Chronic Diseases

          The World Health Organization (WHO), defines a 'chronic disease' as a 'disease of long duration that evolves with time'.


          Cardiovascular diseases, diabetes, cancers, chronic respiratory diseases such as asthma, or fibromyalgia … Living everyday with a chronic disease has a major impact on one's work and personal life: the relationship with oneself, and that with others and with the world, is altered.


          Chronic diseases are increasing all around the world.Between 1980 and 2014, the number of people suffering from diabetes rose from  108 to 422 millions, according to The World Health Organization (WHO). While steadily increasing in all developed countries, asthma affects 3.5 million people in France, of whom a third are under 15.


          Each year, in France, the number of people suffering from Long Term Illnesses is increasing – 10 million people insured under the general pension scheme, that is  17%, fall under the category of Long Term Illness, twice as many as 20 years ago.


          Daily living with a chronic disease can be a real challenge for patients, for his/her friends and family, and also for health professionals, who must design and propose care solutions, as well as individualized prevention programs.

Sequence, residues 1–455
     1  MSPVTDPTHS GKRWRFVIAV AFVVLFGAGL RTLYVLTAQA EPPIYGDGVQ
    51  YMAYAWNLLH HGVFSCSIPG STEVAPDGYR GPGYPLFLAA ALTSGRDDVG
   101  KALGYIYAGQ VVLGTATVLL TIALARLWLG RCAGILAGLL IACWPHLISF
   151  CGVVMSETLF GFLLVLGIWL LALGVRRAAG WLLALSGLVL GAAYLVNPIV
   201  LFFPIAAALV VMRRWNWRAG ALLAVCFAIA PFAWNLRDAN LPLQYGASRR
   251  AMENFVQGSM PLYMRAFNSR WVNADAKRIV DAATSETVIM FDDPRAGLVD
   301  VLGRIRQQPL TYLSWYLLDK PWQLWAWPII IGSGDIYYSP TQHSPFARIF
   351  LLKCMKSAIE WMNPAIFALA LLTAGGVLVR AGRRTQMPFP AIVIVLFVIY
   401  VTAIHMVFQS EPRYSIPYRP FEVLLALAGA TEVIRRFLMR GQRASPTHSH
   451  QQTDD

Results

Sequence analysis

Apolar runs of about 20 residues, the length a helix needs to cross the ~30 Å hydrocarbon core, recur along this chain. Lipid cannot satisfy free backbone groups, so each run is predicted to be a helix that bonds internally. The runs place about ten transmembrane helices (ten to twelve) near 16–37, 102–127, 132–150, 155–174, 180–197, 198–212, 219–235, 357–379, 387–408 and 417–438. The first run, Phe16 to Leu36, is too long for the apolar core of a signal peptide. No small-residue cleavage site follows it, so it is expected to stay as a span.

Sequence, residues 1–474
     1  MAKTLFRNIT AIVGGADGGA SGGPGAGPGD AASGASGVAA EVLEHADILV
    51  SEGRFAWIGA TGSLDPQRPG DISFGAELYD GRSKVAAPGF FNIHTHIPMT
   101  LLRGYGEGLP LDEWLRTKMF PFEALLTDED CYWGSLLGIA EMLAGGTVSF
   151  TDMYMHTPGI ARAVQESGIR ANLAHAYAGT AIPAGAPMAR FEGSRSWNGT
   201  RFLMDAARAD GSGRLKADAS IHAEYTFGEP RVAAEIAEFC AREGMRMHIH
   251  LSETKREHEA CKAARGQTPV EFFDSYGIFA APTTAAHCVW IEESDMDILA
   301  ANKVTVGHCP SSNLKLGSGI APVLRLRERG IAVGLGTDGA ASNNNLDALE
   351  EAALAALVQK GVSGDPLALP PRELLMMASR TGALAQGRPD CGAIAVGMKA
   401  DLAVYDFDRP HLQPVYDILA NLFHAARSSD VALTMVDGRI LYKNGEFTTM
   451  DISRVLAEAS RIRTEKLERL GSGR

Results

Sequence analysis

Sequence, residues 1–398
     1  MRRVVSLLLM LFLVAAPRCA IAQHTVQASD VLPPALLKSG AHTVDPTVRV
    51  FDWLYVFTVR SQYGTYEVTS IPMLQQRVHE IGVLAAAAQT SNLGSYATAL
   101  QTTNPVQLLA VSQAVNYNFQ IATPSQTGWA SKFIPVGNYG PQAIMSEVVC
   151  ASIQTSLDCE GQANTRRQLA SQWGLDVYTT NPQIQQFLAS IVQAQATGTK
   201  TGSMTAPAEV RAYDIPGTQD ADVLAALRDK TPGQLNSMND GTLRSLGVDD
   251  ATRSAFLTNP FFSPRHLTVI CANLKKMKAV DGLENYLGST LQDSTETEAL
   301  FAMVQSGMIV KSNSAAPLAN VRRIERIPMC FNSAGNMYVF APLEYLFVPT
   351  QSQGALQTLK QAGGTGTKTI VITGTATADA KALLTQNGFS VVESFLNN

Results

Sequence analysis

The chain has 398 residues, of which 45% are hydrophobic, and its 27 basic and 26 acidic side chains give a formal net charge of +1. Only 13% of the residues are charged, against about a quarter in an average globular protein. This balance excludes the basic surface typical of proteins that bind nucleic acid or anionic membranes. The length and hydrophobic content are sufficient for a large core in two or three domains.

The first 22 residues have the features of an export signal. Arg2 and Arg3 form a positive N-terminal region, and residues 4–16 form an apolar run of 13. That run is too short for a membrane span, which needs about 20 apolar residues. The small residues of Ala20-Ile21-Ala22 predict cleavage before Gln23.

The objective of this section is to bring together the experiences, reflections and suggestions of patients, doctors and other various health professionals, in order to improve the quality of life of patients suffering from chronic pain, and to improve prevention.


Isabelle Célestin-Lhopiteau


-  Director of IFPPC, the French institute for Mind-Body Practices (

- Head of the University Diploma in Mind-Body Practices and Integrative Health Studies, Paris Sud University and Réunion University.

-  Head of the University Diploma in Hypnosis and Anaesthesia, Paris Sud University.

- Psychologist and Psychotherapist, at the Pain Assessment and Management Center, Bicetre University Hospital, Paris.

- President of the association 'Thérapies d’Ici et d’Ailleurs' (Translatable by: 'Therapies from here and elsewhere').



Translated from French by Frédéric Delacour